My dear grandpa is a very generous man, whenever he receives a gift from somebody he usually passes it on to me or one of his daughters. This not only includes little giveaways from the pharmacy, but – and this is obviously the better part – more food gifts than anybody could ever eat on his own. Close friends and relatives always make sure that his pantry is well stocked with cured meats, homemade jams and sweat treats.
Each year when we celebrate our family’s Christmas feast, he takes me aside and hands over my Christmas box, filled to the brim with all kinds of delicious food. And he never forgets to ensure me, that I – being his only grandchild – of course would only get the very best selection. The box always contains an enormous piece of cured meat from a farmer close by, a huge bag of cookies from the Kinseller family, different jams from his neighbors and only sometimes one or two jars of homemade pickles from aunt Lene.
While I was a bit sceptical at first (I never considered myself a lover of pickles), the homemade versions won me over right away. They were spicier than expected and added a lovely crunch to sandwiches – especially if it had leftovers from a homemade roastbeef and mayonnaise to go with it. So I began experimenting with pickles myself.
Today, I make sure our fridge never runs out of pickles anymore, they are just so easy and quick to prepare. And the variations are endless… you can totally customize the spices you add, give it an Asian flavor with ginger and lemongrass, go Indian with curry and cardamom – ahhh, the choices! Usually I prepare a new jar shortly before we empty another, which makes for a quick turnaround time (less than 2 weeks) and I don’t even need to worry about sterilizing the jars beforehand. Just keep them in the fridge and snack away on crunchy vegetables whenever you are craving something with a “Zing!”.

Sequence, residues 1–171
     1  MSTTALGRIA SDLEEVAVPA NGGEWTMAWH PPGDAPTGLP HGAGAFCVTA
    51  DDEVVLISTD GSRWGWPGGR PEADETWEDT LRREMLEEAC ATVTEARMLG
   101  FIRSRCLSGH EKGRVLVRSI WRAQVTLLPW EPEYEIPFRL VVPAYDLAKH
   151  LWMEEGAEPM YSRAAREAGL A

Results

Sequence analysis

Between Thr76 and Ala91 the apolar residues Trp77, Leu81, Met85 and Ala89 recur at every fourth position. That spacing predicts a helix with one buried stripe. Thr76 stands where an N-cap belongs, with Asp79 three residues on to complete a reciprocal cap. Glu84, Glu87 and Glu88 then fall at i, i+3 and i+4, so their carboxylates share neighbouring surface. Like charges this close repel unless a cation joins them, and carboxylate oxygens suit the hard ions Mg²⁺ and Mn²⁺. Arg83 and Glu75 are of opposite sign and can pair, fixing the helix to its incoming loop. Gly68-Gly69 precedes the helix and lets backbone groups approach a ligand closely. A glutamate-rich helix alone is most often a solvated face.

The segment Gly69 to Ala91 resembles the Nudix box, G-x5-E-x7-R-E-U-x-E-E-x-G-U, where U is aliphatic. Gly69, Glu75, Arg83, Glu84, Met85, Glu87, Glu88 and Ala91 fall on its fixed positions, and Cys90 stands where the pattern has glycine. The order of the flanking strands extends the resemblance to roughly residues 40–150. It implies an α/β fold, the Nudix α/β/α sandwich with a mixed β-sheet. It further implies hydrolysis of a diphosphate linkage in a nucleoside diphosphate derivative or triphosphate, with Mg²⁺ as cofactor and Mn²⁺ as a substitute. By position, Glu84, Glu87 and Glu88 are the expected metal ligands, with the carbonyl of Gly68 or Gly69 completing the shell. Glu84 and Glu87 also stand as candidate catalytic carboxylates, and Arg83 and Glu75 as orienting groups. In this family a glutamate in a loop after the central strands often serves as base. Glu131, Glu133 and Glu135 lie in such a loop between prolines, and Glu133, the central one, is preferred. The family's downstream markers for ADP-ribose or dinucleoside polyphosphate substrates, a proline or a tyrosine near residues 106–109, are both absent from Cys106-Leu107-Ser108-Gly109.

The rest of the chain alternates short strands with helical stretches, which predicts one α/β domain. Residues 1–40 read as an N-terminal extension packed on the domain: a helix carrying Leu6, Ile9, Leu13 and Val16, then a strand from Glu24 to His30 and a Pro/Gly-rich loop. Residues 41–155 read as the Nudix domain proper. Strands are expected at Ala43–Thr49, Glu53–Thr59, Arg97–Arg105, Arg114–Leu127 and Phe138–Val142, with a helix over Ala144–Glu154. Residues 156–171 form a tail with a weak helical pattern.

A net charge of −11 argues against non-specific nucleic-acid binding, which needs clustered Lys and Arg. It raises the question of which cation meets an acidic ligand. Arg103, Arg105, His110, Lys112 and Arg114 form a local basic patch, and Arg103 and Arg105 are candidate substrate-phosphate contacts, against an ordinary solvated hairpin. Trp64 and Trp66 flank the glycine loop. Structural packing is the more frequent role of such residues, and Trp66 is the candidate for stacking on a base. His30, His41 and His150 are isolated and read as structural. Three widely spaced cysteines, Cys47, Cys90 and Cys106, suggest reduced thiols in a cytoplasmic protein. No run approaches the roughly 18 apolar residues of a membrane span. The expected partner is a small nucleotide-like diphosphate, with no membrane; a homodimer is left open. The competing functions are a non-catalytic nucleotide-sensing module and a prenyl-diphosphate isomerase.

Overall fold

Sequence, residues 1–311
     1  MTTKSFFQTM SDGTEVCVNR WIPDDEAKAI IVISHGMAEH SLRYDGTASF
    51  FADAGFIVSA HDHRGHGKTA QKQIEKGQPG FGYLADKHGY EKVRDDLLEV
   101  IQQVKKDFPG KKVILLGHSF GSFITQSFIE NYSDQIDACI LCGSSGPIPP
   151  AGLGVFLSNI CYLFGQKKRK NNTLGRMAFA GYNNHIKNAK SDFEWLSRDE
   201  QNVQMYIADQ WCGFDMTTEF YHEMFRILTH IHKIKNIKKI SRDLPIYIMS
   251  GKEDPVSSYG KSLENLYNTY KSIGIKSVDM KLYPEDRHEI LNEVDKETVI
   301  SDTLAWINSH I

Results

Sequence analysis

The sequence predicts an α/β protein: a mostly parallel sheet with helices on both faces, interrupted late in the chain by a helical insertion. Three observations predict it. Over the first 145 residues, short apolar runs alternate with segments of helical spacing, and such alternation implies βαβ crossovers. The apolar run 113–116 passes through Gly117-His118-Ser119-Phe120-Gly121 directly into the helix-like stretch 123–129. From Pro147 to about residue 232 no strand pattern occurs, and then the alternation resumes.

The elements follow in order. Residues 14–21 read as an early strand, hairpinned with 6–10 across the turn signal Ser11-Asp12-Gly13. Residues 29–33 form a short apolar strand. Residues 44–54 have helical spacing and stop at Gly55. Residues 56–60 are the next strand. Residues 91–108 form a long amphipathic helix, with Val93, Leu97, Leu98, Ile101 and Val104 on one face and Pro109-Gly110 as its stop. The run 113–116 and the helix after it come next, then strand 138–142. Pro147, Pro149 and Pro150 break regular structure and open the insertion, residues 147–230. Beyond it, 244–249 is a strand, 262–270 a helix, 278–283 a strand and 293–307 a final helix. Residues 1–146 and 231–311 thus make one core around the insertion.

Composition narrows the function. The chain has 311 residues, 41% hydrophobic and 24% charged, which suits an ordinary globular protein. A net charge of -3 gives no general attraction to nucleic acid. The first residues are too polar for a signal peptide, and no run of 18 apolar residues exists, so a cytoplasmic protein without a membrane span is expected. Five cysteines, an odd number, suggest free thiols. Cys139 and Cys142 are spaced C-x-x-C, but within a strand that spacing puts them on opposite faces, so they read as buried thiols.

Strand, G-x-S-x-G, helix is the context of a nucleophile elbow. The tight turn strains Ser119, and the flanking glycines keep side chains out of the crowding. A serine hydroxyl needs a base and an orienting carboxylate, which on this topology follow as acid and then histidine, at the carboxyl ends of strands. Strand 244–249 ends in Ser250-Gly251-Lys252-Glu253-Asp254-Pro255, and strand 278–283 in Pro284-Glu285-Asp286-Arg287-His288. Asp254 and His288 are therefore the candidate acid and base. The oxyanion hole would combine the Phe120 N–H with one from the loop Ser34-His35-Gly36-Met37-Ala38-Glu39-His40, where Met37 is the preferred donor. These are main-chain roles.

Prepare the vegetables (I used carrots, radish and cucumber), peel and cut into fine julienne stripes, either using a mandoline, your knife skills or one of these tools. The stripes shouldn’t be too long, otherwise eating the pickles gets difficult. Cut the chili into fine slices and mix with the rest of the prepared vegetables.
Peel the ginger and cut it into fine slices. Add vinegar, water, sugar, salt, ginger slices and anise pods (if using) to a small pot and bring to a boil. Reduce heat to the lowest setting and let the brine steep for a couple of minutes. I sometimes feel like adding a little Asian note, then I pull out a bottle of fish sauce and add a few splashes as well…
Tightly fill the clean or sterilized jars with the julienne stripes. If you are up for a more pronounced ginger/anise note you can distribute the ginger slices and anise pods among them. Finally pour the brine over until everything is well covered. Close the jar and carefully tap on the counter to make sure air bubbles float to the top, then refrigerate at least over night until using on your next sandwich.
Julienne pickles with ginger & anise
Recipe source: own creation
Prep. time ~20 min, chilling: at least over night
Ingredients (for one jar, 400-500 ml):
2-3 cm/1 inch fresh ginger
100 ml white wine vinegar
100 ml water
50 g caster sugar
1 tsp fine sea salt
2 star anise pods (optional)
~200 g julienne vegetables (like cucumber, carrots, radishes, etc.)
1 mild green chili (e.g. cayenne pepper)